Penalty +/- is a pretty easy statistic to understand: it’s simply the difference between the number of penalties drawn and taken at even-strength. It doesn’t include misconducts where a team is not given a powerplay. When a player gets hooked, high-sticked, tripped, etc. he is considered to have drawn a penalty. It’s fairly obvious how this contributes to wins as well. If a powerplay converts at around 20% (a little higher than the league average, but convenient as a round number), then a single powerplay opportunity is worth 0.2 goals. For every five powerplays a player gets his team, he’s contributing 1 goal, all without necessarily recording a point.

The flipside to that is that every five penalties a player takes, he’s costing his team 1 goal as well. This is why penalty +/- is important, tracking how many powerplay opportunities a player gave his team compared to how many he gave the opposition.

The league leaders in penalty plus/minus last season were Jeff Skinner and John Tavares, who both drew 26 more minor penalties than they took. Both are once again near the top of the league to start the season, with a familiar face leading the way.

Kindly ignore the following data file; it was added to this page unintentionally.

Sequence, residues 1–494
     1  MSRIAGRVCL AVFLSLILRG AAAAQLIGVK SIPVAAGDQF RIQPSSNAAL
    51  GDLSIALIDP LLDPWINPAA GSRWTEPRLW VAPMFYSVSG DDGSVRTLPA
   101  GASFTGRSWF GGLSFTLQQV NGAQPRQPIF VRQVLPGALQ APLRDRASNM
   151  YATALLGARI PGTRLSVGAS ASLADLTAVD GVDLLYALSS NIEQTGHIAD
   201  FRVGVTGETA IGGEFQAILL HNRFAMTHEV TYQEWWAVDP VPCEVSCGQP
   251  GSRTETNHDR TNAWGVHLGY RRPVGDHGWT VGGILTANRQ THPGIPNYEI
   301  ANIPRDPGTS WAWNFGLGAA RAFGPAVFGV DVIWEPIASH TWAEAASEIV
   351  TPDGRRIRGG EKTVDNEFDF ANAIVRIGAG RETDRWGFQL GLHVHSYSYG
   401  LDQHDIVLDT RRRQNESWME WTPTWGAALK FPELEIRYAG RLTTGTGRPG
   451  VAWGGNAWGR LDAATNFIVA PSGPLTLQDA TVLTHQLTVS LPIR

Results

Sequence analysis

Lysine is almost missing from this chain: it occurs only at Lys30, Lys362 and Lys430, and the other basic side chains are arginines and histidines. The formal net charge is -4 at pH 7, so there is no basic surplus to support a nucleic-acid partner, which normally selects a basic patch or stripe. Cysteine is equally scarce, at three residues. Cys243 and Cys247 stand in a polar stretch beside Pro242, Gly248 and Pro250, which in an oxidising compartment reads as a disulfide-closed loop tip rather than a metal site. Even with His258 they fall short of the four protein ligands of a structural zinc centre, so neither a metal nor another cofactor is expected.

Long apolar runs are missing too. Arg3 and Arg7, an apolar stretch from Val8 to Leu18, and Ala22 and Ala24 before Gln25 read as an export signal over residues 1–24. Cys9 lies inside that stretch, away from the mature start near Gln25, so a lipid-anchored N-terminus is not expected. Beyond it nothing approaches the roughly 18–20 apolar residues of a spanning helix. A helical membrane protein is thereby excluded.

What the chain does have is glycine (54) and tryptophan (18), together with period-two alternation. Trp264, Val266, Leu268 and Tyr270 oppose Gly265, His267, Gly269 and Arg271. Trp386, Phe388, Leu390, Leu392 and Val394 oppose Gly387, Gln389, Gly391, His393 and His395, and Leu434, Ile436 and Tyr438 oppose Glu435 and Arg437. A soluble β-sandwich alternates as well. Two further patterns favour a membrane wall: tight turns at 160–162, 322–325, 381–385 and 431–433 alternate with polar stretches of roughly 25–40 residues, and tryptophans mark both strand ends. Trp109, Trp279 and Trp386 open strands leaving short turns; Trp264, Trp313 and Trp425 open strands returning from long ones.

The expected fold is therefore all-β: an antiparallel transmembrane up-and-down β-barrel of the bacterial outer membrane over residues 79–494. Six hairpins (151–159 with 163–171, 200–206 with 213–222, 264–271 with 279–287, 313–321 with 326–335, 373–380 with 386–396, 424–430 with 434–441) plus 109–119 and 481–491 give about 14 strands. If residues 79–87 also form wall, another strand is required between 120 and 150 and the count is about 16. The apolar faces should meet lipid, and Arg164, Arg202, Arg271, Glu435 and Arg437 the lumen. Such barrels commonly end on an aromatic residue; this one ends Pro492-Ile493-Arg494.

Name Pos Team GP Penalties Taken Penalties Drawn Penalties Taken/60 Minutes Penalties Drawn/60 Minutes Penalty +/-
1 Dustin Brown RW L.A 11 3 11 1.2 4.3 +8
2 John Tavares C NYI 12 0 7 0.0 2.1 +7
3 Patrice Bergeron C BOS 11 0 7 0.0 2.9 +7
4 Jeff Skinner C CAR 12 1 7 0.3 2.4 +6
5 Andrew Cogliano C ANA 12 0 6 0.0 2.3 +6
6 Evander Kane C WPG 12 3 8 1.0 2.7 +5
7 Erik Karlsson D OTT 13 2 7 0.5 1.6 +5
8 Brendan Smith D DET 8 1 6 0.6 3.5 +5
9 16 players tied at plus-4 +4